3. Santana
  4. Nick
  5. Wes

Where did Blaine live before he enrolled at Dalton Academy?

  1. New Jersey
  2. Westerville, OH
  3. Lima, OH
  4. Cleveland, OH

Blaine dated Karofsky because:

  1. He fell for David while he was emotionally vulnerable.
  2. Both of them love Kurt.
  3. He knew it would hurt Kurt.
  4. He really does like bears.

Tiffany and I had a great conversation, and Tiffany said she had fun. I definitely had fun. The question is, did you have fun listening? Do you want to hear more of this? Are there questions you wish I would ask*? Fan fics you think provide excellent answers I haven’t encountered before?

Let me know what you think about this feature. The next opportunity I’ll have to play (unless the guy from Got Your 6 is a secret Gleek, which would be fun) is in July when Mardie Baldo comes on. Mardie is already psyched to play.


*I don’t ask questions about sex, as those can’t be answered from canon, and I doubt I’ll ask anything that gets the fandom totally riled, like “What is Blaine’s ethnicity?” Anything else is pretty much fair game, though I reserve the right to choose or ignore questions for any reason at all.

Coming up on the podcast:

June 5: Tony Award Winning Orchestrator Larry Hochman (Hello Dolly!, She                                      Loves Me, Something Rotten, Spamalot, Book of Mormon)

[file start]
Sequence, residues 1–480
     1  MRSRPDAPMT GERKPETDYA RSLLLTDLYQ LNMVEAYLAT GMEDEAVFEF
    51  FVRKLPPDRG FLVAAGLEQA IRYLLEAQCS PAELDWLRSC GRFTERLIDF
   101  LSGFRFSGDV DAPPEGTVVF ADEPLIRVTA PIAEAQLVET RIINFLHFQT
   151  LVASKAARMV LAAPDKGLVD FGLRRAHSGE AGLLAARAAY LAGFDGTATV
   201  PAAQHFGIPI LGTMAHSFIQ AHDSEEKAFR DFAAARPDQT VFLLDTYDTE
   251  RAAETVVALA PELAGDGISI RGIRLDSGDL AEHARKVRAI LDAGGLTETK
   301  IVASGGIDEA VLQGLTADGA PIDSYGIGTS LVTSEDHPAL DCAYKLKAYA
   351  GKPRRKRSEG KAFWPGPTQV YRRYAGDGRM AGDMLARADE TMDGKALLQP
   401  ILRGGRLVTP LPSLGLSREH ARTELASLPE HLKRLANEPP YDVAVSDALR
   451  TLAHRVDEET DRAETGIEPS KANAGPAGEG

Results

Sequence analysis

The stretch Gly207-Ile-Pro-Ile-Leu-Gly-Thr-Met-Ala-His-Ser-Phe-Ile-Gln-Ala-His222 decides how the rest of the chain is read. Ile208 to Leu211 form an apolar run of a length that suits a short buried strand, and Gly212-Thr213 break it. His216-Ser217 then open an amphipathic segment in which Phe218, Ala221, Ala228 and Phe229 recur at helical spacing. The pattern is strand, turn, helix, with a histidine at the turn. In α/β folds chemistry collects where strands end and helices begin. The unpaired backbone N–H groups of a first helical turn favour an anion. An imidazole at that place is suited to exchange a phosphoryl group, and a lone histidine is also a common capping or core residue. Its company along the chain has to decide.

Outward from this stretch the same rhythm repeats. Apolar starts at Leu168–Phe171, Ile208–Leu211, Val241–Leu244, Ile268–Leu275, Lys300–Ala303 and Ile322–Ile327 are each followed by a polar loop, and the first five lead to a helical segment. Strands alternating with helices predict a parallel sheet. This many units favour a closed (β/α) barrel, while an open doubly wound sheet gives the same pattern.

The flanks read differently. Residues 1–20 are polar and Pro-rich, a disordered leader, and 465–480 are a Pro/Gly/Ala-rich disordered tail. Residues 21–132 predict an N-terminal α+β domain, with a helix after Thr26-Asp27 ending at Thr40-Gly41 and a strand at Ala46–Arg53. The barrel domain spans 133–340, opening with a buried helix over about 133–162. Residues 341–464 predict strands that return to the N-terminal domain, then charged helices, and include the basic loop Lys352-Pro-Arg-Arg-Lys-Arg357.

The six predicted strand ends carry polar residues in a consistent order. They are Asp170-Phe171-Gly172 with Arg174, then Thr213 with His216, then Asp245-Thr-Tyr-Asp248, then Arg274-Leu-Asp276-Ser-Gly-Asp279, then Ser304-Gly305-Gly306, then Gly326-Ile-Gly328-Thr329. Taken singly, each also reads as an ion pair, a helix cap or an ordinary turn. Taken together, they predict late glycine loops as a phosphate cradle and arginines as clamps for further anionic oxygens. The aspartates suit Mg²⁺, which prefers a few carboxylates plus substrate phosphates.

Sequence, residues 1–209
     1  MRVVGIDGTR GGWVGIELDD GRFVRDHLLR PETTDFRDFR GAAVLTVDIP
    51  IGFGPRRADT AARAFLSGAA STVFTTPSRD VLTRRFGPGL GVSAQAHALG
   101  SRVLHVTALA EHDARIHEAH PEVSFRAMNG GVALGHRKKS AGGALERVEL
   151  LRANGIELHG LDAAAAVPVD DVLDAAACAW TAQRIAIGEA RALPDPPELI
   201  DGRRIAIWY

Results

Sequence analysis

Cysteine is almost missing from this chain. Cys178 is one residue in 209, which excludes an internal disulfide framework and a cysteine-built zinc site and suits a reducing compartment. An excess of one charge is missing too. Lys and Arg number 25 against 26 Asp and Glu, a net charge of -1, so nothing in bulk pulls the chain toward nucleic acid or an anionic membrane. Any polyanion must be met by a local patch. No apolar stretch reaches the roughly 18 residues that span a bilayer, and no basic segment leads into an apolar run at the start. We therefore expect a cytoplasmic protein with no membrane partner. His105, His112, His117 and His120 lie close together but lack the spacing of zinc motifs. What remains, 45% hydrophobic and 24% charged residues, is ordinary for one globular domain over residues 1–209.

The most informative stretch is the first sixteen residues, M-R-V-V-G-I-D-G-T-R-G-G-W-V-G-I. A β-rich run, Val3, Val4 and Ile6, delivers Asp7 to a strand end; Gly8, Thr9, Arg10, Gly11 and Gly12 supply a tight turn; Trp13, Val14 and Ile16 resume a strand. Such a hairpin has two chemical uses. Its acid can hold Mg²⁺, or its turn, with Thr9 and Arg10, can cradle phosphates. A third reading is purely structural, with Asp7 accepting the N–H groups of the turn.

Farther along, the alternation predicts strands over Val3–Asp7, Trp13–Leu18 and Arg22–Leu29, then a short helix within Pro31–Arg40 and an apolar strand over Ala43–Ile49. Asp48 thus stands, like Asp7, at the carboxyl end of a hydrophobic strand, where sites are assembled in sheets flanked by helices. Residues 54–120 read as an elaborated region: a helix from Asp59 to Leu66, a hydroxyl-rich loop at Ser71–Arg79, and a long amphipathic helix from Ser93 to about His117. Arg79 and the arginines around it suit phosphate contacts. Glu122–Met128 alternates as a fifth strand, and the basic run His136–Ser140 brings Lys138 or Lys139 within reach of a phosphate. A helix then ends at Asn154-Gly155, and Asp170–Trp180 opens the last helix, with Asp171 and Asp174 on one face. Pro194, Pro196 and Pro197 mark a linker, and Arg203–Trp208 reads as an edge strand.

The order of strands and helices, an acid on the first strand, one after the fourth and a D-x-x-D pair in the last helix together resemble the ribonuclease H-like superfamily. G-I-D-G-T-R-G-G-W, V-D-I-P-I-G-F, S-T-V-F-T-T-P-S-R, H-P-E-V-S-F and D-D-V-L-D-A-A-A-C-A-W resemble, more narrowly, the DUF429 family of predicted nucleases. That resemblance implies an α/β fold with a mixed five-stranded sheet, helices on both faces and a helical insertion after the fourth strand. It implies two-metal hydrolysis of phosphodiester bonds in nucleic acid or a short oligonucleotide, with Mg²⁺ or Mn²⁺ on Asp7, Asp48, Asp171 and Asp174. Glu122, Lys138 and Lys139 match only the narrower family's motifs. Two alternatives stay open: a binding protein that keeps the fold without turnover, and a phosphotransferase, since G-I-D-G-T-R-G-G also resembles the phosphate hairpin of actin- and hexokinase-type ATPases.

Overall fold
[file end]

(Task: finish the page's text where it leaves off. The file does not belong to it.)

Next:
June 19: Got Your 6

July 3: New York Musical Festival

Todrick Hall and Tiffany

Episode 19: Thespian Nerd

Sometimes I see someone on Twitter (or wherever) and I just think they look like fun to talk to. Tiffany was one of those people. And we had a great time talking about everything from Chris Colfer’s writing to Glee to Broadwaycon and Todrick Hall and Lena Hall and wild speculation about the next Elsie Fest.

You can listen to the episode here: https://elsiecast.podbean.com/e/19-thespian-nerd/

This is a terrible quality video, but the quote Tiffany refers to is in it. It’s from Inside the Actors Studio:

Here are the Chris Colfer links I promised:

Official site for Chris Colfer’s Land of Storieshttp://thelandofstories.com

Amazon’s list of all of Chris Colfer’s books: https://www.amazon.com/Chris-Colfer/e/B007O2PO80

Here’s the pic of Tiffany with Todrick Hall:

Todrick Hall and Tiffany

Tiffany met Todrick Hall at the stage door of Kinky Boots.

The Facebook Live where Darren mentions Elsie Fest is here: https://www.facebook.com/darrencriss/videos/10154489266594147/

The Elsie Fest comment is at about 34:53 if I’m reading the time thing correctly.

Episode 18: Broadway Babylon

I talk to the adorable William Statham about Broadway Babylon, an online group dedicated to Broadway news and discussions. Listen to the episode here.

unnamed-5

The adorable William Statham

We also discuss our mutual love of Darren Criss, Bandstand, and Dear Evan Hansen. William loves Dear Evan Hansen more than I do, but then William loves Dear Evan Hansen more than most people love breathing. Witness his shrine:

unnamed-6

William’s DEH shrine. Listen to the podcast to find out how he got the arm cast!

You can find Broadway Babylon on Facebook.

Twitter: @bwaybabylon

Instagram: @broadwaybabylon